Jon Baldwin shows you how to handle Hole 9 at the infamous DeLaveaga Disc Golf Course in Santa Cruz, CA in preparation for the 2011 PDGA Pro World Championships August 7-13.

Hole 9 is a cathedral of giant pine trees, with canopies reaching well over 100′. Small clusters of oaks also speckle the fairway, confounding ones route to the basket if the disc strays off path even just slightly. A lush gorge to the right awaits the thrower whose disc kicks off a tree to the right. The main fairway is in the shape of a question mark, tantalizing the right-hand back hand thrower with a nice hyzer flip route with late fade. But, there are as many other routes possible as one can dream up, including great roller avenues, overhand routes, giant turnover lines, and even a daring giant hyzer route to the right off the tee, over the gorge, and fading back to the fairway near the basket. The fairway for hole 10 is to the left of the 9th fairway and plays in the opposite direction, and is considered to be in play for hole 9. Be alert for others playing hole 10, as well as for errant throws coming to fairway 9 from fairway 10.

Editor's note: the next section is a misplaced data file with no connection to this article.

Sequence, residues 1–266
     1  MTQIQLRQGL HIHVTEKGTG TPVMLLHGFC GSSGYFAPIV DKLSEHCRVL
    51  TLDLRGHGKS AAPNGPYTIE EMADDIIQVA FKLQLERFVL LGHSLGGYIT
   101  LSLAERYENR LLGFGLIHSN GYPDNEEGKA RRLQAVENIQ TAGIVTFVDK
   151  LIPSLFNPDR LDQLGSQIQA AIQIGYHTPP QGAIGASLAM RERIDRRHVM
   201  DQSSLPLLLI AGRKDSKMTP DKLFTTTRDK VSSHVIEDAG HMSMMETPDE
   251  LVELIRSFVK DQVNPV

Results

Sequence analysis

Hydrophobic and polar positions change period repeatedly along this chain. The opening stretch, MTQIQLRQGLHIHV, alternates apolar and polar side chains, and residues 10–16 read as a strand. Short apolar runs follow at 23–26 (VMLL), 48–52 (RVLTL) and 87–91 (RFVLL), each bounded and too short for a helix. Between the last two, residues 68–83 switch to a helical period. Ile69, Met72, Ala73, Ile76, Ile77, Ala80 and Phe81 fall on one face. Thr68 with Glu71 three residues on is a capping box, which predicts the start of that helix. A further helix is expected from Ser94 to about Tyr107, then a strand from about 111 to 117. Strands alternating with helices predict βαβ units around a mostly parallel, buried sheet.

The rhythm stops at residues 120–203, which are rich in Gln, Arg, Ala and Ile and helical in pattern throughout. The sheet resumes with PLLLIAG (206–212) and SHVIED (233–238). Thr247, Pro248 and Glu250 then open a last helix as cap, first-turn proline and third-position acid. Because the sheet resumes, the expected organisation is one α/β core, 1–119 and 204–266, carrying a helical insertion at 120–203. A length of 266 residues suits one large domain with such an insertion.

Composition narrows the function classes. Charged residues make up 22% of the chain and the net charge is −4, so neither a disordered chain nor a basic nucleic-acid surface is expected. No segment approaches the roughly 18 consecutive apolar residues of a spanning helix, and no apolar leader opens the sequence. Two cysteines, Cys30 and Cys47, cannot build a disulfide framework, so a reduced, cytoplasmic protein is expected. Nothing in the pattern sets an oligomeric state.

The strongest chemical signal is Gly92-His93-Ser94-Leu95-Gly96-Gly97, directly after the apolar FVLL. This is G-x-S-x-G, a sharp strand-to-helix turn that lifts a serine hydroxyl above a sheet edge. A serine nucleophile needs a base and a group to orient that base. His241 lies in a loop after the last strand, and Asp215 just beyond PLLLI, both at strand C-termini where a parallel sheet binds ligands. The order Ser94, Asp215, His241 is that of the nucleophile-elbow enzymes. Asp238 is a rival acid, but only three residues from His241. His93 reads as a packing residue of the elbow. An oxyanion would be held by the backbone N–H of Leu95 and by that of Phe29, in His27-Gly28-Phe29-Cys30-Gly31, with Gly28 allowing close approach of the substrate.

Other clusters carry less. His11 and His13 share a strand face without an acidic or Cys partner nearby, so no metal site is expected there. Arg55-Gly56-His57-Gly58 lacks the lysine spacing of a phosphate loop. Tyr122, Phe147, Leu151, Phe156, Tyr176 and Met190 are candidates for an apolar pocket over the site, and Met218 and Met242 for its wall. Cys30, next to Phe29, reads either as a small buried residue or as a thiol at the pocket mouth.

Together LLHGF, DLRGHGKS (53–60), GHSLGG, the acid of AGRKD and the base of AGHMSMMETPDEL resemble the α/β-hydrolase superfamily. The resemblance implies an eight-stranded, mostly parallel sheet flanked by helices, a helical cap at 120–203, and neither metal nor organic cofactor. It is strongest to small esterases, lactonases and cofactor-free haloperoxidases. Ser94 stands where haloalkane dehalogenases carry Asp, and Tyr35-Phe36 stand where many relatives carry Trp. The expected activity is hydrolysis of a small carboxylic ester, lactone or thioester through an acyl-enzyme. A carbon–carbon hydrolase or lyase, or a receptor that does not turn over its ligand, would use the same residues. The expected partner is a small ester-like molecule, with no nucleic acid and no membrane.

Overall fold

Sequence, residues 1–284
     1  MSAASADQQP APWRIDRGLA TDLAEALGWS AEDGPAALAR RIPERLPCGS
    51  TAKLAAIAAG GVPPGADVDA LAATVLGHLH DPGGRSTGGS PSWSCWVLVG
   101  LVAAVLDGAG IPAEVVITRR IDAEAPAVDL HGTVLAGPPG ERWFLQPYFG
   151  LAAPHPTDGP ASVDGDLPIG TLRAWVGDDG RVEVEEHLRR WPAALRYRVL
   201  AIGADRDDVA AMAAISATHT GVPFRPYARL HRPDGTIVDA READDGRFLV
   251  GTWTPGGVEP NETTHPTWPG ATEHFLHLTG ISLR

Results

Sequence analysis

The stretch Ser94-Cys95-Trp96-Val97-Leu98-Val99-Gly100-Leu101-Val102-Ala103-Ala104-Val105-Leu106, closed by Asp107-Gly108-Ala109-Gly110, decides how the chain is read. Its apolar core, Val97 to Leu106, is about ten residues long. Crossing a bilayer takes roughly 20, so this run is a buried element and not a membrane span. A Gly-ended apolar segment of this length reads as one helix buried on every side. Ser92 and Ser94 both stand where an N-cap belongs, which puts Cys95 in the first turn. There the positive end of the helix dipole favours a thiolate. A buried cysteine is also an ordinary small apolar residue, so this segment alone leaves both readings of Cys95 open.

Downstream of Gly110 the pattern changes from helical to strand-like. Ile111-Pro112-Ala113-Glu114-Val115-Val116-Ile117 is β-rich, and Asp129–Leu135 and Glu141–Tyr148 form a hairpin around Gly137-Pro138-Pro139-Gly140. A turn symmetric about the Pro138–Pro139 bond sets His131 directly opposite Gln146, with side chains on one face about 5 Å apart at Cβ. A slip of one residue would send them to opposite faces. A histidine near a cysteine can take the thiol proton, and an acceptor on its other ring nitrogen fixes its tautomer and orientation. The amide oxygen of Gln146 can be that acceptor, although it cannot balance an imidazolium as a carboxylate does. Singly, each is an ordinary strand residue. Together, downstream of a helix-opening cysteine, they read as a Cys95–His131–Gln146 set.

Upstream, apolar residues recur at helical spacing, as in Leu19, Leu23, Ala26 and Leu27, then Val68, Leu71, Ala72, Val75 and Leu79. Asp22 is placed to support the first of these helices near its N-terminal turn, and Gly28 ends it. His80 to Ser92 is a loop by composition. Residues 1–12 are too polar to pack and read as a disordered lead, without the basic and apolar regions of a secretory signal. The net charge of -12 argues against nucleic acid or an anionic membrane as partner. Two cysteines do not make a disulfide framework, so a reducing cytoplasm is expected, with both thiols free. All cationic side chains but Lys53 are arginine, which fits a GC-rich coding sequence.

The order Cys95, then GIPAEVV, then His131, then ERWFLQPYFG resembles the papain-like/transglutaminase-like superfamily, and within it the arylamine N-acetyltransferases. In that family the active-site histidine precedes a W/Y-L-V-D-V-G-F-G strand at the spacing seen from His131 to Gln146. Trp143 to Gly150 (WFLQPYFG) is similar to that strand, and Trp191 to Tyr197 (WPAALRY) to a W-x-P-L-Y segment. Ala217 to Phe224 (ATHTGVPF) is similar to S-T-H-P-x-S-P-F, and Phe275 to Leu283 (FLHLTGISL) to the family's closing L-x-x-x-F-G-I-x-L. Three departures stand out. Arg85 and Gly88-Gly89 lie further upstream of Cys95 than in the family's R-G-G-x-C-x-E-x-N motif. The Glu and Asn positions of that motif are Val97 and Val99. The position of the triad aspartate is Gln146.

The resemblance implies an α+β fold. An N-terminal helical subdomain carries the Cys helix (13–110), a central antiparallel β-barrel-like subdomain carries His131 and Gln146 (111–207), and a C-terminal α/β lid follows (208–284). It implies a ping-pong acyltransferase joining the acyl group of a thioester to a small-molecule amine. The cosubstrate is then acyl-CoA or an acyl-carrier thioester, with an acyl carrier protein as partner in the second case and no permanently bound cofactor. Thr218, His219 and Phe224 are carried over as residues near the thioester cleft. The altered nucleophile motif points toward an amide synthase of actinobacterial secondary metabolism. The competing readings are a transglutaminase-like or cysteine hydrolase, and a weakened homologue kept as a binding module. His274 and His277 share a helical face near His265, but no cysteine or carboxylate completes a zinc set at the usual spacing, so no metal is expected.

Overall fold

The approach to the basket is guarded by numerous trees, such that a run at the basket often requires some luck, in addition to skill. The green is fast, allowing for great skip runs at the basket but also increasing the risk of running too hard at the basket. A grove of acacia to the right of the basket provides another challenge for shots that stray too far to the right, although if you play DeLaveaga enough you will experience the fun of putting out of this tangled mess while trying to save par or go for birdie (if you land there on your drive). From time to time this hole is inhabited by a great horned owl, whose bass hoots echo off the trees and add to the already intense ambiance.

back to Hole #8a or on to Hole #10